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The Tesla and Niwa have very wide, flat knobs. What’s the
design philosophy behind those?
I use the Tesla volume pot for swell sounds in the opposite direction. So the swell direction of movement goes down with the stroke of the playing hand. The larger diameter makes the swell sound more scalable. The Niwa selector knob continues the design of the volume and tone knob.
Your pickups tend to have a hot and somewhat hi-fi sound to
them. What sounds were you going for when you designed them?
Most of the players who write reviews of my guitars describe their tone as quite vintage, but I know it is always difficult to get the same opinion on the same guitars. My sound vision is more a Fender tone than a Gibson tone—quick attack with a warm pop. In order to get this—and keeping in my mind that my guitar bodies are mostly from red alder—I design my pickups in a way that they achieve the Strat-like tone but with more volume.
My major pickup type for the Tesla and Niwa is a split coil that has one bobbin with three magnets for the treble strings, and one bobbin with three magnets for the bass strings—similar to the Precision bass pickup. No pickup can exactly paint the sound of a vintage single-coil except a vintage single-coil, but this is not my ambition. I evolved the split-coil design for the particular tonal needs of my guitars. The Tesla has to have a Hendrix-like neck sound, but louder and without hum—and sharper, too, because it’s a noise-cancelling single-coil. The split coil is perfect for this demand. The Niwa’s pickups use another type of split coil—different magnets, different wires, and a different number of windings. The guitar should sound like a fat, full Strat, with a hotter, Teletype bridge sound. The Tesla bridge pickup is a humbucker made in a more standard way. Since 2009, I’ve used the same configuration I made for [Metallica’s] Kirk Hammet.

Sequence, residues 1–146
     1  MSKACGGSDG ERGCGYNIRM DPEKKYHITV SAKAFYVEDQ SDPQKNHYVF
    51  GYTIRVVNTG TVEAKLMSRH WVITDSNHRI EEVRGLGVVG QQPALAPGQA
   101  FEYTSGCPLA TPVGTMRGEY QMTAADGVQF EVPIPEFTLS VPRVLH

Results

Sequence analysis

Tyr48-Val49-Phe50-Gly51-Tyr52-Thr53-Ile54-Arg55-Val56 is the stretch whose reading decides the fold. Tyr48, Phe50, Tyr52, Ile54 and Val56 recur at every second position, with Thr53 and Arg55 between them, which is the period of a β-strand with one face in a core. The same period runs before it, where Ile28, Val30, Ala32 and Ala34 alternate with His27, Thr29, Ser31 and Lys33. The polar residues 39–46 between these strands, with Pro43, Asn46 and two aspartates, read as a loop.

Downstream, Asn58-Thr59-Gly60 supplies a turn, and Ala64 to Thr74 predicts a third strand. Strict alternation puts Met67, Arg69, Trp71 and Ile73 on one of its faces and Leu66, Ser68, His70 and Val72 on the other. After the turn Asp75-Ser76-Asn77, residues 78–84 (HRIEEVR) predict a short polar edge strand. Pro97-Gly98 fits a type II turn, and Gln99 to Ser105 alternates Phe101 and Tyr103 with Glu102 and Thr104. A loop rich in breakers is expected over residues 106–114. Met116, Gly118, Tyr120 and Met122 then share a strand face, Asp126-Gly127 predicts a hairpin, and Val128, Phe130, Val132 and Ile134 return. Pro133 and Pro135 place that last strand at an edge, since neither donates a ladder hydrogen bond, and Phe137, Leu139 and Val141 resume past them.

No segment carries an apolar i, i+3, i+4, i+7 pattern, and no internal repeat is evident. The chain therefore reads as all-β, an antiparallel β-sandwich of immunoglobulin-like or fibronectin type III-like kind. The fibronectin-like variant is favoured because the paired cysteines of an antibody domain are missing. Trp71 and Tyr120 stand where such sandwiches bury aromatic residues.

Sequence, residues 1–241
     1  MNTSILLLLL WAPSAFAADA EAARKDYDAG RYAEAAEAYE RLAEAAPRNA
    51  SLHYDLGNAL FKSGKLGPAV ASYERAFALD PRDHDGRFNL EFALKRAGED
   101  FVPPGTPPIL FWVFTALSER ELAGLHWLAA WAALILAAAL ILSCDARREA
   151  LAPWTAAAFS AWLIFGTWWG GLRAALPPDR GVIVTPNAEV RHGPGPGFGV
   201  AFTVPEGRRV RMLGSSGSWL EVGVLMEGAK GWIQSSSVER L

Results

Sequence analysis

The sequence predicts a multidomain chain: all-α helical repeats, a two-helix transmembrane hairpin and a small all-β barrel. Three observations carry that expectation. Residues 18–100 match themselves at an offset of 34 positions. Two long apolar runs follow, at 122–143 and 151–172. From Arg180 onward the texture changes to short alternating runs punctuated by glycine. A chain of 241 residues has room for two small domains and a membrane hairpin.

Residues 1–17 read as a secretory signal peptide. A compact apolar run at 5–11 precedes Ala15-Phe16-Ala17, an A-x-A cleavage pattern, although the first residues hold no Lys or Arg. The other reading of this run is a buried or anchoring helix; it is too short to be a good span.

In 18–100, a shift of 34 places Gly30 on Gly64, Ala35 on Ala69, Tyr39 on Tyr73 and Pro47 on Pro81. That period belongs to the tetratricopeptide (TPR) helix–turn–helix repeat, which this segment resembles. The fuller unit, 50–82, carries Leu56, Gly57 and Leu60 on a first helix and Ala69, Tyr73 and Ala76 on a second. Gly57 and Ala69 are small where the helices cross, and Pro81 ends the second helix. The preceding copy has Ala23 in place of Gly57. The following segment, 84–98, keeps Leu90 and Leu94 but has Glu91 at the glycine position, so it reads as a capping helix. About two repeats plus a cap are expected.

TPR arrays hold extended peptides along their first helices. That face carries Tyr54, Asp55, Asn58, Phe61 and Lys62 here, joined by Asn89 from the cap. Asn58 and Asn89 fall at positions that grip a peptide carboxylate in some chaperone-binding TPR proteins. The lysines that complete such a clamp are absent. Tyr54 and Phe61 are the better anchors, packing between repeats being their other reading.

Of course, I also make custom pickups for my clients. The Birdfish has three different humbuckers—from a very hot, PAF-like version to a P-90-like version, and two real single-coils that have more of a vintage tone. I haven’t built active pickups or circuits since 1995.
Watch Editor in Chief Shawn Hammond demonstrate the Tesla, Niwa, and Birdfish:
Most pickup aficionados are familiar with alnico 5 and alnico 3
magnets, but you use both alnico 5 and alnico 8 in the Tesla and
Niwa pickups. Why?
I use the alnico 8 magnets for the inner magnets of the split-coil pickups, where the north pole and the south pole are facing the D and G strings. Alnico 8 has a stronger field power, and this compensates for the partial elimination of the field. When I work with alnico 8, I don’t load the magnets up to the full saturation. I usually go up to 85 percent of the magnetic saturation. To do that, I use an adjustable impulse magnetizer. After that, I measure the magnetic field strength of each magnet. This is very important, in my opinion, because it plays a major role in the harmonics of the tone.